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Freedom the Press and Liberty


This last week, the attorney general said that he would consider prosecuting any journalist or newspaper that published classified information that had been leaked. "There are some statutes on the book which, if you read the language carefully, would seem to indicate that that is a possibility," he said.

Freedom of the press is in the 1st Amendment because history taught America's founders its importance. They remembered that colonial printers had been licensed, but licenses could be revoked and printers imprisoned (Ben Franklin's older brother James was once imprisoned for a month). Those dedicated to liberty rejected British fears that "Great inconvenience may arise by the liberty of printing" and Virginia Governor William Berkeley's 1671 view that "I thank God that there are no free schools nor printing...learning has brought disobedience and heresy, and printing has divulged them, and libels against the best government. God keep us from both."

Unfortunately, current press freedoms fall short of that envisioned by our founders. The first worldwide press freedom index in 2002 ranked America only 17th in the world, "mainly because of the number of journalists arrested or imprisoned there...often because they refuse to reveal their sources in court." Judith Miller of the New York Times, jailed in 2005 for refusing to disclose a source, is the most famous illustration, but others, such as San Francisco Chronicle reporters Mark Fainaru-Wada and Lance Williams could face similar fates. The current pressures to limit the freedom of the press justify recalling just how crucial it was to our founders. Thomas Jefferson asserted that "Our liberty depends on the freedom of the press, and that cannot be limited without being lost." John Adams argued that "Liberty cannot be preserved without a general knowledge among the people...of the characters and conduct of their rulers," which is why Samuel Adams found that "there is nothing so fretting and vexatious, nothing so terrible to tyrants...as a free press."

Fisher Ames wrote that "freedom of the press...is a precocious pest, and a necessary mischief, and there would be no liberty without it." George Mason said that "The freedom of the press is one of the bulwarks of liberty, and can never be restrained but by despotic governments." James Madison, "the Father of the Constitution," stated it most powerfully, when he wrote, "To the press alone, checkered as it is with abuses, the world is indebted for all the triumphs which have been gained by reason and humanity, over error and oppression."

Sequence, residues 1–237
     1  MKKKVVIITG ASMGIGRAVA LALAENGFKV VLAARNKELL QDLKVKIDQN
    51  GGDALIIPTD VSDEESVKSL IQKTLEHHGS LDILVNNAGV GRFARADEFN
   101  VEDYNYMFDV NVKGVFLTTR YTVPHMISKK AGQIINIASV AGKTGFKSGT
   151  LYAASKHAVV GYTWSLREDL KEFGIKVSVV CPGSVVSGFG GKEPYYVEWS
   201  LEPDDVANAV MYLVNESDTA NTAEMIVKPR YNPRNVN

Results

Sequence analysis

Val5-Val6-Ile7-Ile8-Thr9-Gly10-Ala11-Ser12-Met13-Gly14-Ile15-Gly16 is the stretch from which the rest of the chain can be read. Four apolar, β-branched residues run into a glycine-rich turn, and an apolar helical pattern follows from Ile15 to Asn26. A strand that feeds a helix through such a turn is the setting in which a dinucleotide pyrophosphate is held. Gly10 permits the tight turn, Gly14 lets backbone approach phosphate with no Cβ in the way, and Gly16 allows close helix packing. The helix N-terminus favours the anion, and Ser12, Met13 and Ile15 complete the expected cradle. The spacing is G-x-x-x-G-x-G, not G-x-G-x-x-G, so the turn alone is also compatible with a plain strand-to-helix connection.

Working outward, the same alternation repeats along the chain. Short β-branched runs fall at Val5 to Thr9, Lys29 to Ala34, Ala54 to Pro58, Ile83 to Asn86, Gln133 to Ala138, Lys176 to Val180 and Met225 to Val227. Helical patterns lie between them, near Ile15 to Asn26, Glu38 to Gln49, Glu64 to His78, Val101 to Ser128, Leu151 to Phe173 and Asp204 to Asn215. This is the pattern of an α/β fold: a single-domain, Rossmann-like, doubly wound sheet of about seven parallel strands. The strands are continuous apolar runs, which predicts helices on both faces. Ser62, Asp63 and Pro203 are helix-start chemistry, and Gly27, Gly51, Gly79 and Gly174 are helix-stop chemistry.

Unfortunately, our understanding of the importance of freedom of expression has eroded since America's founders gave them pride of place in the Bill of Rights. They would be unable to reconcile current restrictions, much less proposals for further ones, with their belief in liberty or our founding documents. In fact, restrictions are closer to the Soviet ideal than ours. In Lenin's words:

"Why should freedom of speech and freedom of press be allowed? Why should a government...allow itself to be criticized? I would not allow opposition by lethal weapons. Ideas are much more fatal things than guns. Why should any man be allowed to buy a printing press and disseminate pernicious opinions calculated to embarrass the government?"

Lenin was right: Ideas are ultimately more fatal than guns. But that is why Americans must defend the freedom of the press. As Jefferson said, "To preserve the freedom of the human mind...and freedom of the press, every spirit should be willing to devote itself...for as long as we may think as we will and speak as we think, the condition of man will proceed in improvement."

America weathered the unconstitutional Sedition Act of 1798 because so many citizens recognized it as an affront to liberty. But it is not clear that Americans' current dedication to liberty is as great. Yet John F. Kennedy's recognition that "a nation that is afraid to let its people judge the truth and falsehood in an open market is afraid of its people" is as true today as ever. And, as Supreme Court Justice William Douglas once put it, "Restriction of free thought and free speech is the most dangerous of all subversions. It is the one un-American act that could most easily defeat us."

Gary M. Galles is a professor of economics at Pepperdine University. He is the author of The Apostle of Peace: The Radical Mind of Leonard Read.


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